From 3M Health Information Systems
2019 ICD-10 updates…A sign of the times
I always look forward to the release of the new ICD-10 codes for the upcoming year, and the 2019 updates did not disappoint. At first glance, there are a sea of codes flagged as added, deleted or revised. Overwhelming…yes…but at the same time it’s interesting how these changes reflect a sign of the times and what’s on the radar of healthcare payer and provider communities when it comes to reporting patient conditions.
So, let’s do a quick rundown of some of the top changes we will see with the 2019 codes:
Specificity continues to be the key!
We remember the flexibility we encountered with several unspecified codes in the initial rollout of ICD-10, but over the years ICD-10 codes have been added to reflect more specificity, whether related to anatomical location or additional conditions. This year came the deletion of several codes from the C4XXX, D0XXX, and D2XXX series related to melanoma, carcinomas and neoplasm of the eye related to the location of the condition on the eyelid. The codes were expanded out to include the location of upper or lower on the eyelid itself and they continue to include anatomical location.
Three other codes that saw a huge change were R938, H578 and M791. R938 (Abnormal findings on diagnostic imaging of other specified body structures) was deleted and replaced with the range of R93811-R9389 to include options associated with the anatomical location of testes. H578 also got the axe and was replaced with specific laterality options with the new range of H57811-H57819. M791 (Myalgia) was deleted and expanded out to M7910-M7918 which now includes specific muscle locations in the description. All three codes illustrate the continued direction of accurate reporting related to specific anatomical locations.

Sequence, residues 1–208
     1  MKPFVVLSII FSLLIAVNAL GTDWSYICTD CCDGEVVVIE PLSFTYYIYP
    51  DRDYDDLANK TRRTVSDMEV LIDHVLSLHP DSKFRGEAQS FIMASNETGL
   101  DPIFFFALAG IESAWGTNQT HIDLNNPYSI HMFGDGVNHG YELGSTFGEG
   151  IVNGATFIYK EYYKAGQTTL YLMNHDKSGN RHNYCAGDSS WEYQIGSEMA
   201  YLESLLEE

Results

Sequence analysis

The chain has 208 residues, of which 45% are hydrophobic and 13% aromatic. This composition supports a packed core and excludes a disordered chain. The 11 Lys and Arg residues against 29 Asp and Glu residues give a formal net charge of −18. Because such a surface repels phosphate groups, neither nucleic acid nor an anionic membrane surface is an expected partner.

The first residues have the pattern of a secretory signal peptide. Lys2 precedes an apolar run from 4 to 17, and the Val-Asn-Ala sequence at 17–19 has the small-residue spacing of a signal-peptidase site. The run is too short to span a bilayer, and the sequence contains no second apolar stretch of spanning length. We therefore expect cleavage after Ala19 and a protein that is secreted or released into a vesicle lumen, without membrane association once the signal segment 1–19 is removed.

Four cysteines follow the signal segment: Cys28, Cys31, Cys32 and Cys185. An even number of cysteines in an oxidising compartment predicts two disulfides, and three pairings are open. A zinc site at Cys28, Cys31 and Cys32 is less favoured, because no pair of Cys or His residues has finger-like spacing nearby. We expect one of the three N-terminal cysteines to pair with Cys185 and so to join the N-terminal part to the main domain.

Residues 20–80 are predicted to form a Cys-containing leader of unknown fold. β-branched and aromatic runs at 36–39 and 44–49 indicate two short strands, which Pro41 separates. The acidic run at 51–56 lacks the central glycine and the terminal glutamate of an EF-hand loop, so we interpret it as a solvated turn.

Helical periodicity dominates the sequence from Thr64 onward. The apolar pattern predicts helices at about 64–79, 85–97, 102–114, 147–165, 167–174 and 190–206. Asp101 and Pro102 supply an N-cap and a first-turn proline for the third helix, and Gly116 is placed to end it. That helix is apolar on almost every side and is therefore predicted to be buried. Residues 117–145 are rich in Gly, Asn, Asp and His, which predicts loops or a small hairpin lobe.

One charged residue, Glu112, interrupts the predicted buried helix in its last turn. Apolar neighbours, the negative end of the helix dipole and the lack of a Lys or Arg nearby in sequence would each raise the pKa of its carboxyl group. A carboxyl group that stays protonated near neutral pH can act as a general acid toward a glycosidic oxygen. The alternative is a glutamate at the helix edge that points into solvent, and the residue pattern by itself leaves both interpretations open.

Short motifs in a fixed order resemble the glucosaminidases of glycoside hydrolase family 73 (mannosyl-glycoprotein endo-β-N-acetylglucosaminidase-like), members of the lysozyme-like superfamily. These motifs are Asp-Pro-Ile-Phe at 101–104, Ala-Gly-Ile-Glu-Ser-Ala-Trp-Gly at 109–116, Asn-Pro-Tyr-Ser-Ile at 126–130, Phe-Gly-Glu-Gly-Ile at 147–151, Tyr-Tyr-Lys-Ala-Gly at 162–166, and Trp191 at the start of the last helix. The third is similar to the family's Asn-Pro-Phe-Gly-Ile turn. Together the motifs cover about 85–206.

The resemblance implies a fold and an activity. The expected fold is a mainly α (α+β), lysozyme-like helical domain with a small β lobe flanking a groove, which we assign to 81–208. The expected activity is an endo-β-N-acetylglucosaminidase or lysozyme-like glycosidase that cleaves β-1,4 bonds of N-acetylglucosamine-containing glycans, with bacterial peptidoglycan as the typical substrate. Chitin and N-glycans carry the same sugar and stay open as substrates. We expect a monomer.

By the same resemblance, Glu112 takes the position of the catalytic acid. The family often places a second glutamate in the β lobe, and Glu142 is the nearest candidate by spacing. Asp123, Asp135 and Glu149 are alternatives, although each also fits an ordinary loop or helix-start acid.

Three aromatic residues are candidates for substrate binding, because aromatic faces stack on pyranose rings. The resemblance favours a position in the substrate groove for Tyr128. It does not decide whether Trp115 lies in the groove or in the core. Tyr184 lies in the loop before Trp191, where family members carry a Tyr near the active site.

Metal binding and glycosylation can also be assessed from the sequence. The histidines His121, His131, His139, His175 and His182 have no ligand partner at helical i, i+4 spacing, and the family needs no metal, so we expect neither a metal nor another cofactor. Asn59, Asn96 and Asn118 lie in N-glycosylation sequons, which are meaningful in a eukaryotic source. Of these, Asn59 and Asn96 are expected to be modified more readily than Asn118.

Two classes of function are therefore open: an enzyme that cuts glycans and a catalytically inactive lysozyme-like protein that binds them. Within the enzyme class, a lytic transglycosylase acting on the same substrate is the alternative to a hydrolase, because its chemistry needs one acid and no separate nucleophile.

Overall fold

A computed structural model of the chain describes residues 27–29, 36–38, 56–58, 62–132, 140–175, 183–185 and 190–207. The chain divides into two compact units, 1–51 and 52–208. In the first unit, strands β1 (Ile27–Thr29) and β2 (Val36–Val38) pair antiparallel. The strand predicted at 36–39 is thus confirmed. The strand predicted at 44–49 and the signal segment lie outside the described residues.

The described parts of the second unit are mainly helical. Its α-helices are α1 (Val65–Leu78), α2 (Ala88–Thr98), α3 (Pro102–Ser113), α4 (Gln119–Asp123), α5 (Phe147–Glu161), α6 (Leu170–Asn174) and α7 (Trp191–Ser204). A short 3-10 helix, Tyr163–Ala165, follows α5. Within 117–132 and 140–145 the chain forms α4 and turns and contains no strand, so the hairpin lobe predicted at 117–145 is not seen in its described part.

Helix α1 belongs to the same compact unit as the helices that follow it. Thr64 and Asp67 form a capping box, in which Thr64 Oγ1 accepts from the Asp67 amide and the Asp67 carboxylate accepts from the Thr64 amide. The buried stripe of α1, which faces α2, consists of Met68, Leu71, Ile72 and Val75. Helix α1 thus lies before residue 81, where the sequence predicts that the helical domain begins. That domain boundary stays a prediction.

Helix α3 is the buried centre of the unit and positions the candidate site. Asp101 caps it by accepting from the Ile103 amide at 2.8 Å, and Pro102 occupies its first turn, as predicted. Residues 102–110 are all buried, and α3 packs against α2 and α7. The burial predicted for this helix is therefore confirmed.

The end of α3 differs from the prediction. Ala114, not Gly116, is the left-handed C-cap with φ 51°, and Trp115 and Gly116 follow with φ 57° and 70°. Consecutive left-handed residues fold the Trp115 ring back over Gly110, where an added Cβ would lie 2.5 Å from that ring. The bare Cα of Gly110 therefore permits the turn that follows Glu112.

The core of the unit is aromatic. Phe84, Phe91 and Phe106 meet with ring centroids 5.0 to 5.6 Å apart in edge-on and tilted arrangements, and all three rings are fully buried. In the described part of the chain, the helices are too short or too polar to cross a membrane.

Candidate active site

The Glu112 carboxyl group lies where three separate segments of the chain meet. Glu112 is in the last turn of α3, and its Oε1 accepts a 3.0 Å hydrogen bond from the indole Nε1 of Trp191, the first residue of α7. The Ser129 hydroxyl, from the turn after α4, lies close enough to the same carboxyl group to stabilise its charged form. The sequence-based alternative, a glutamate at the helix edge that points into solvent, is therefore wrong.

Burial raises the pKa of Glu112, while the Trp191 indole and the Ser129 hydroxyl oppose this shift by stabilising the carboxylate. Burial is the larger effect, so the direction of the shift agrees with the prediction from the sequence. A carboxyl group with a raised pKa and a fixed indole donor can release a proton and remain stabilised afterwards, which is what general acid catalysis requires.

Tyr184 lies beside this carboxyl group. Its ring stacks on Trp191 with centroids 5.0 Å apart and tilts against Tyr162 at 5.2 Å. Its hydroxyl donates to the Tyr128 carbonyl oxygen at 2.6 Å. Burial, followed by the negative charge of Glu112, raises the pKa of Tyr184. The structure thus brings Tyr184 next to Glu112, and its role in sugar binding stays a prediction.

The Continuing Expansion
Conditions with associated complications, signs or symptoms also saw an expansion of code options, as clearer cut and more definitive diagnosis are encouraged to be reported and captured. It’s important when using the following codes that providers are aware of the expanded conditions and are sure to document them so the appropriate code can be captured. Some of the codes affected include:
- E784 (Other hyperlipidemia) was deleted and replaced with:
- E7841 (Elevated Lipoprotein(a))
- E7849 (Other hyperlipidemia)
- I638 (Other cerebral infarction) was deleted and replaced with:
- I6381 (Other cerebral infarction due to occlusion or stenosis of small artery)
- I6389 (Other cerebral infarction)
- K613 (Ischiorectal abscess) was deleted and replaced with:
- K6131 (Horseshoe abscess)
- K6139 (Other ischiorectal abscess)
- K615 (Supralevator abscess)
- K82A1 (Gangrene of gallbladder in cholecystitis)
- K82A2 (Perforation of gallbladder in cholecystitis)
- K352 (Acute appendicitis with generalized peritonitis) was deleted and replaced with:
- K3520 (Acute appendicitis with generalized peritonitis, without abscess)
- K3521 (Acute appendicitis with generalized peritonitis, with abscess)
- K353 (Acute appendicitis with localized peritonitis) was deleted and replaced with:
- K3530 (Acute appendicitis with localized peritonitis, without perforation or gangrene)
- K3531 (Acute appendicitis with localized peritonitis and gangrene, without perforation)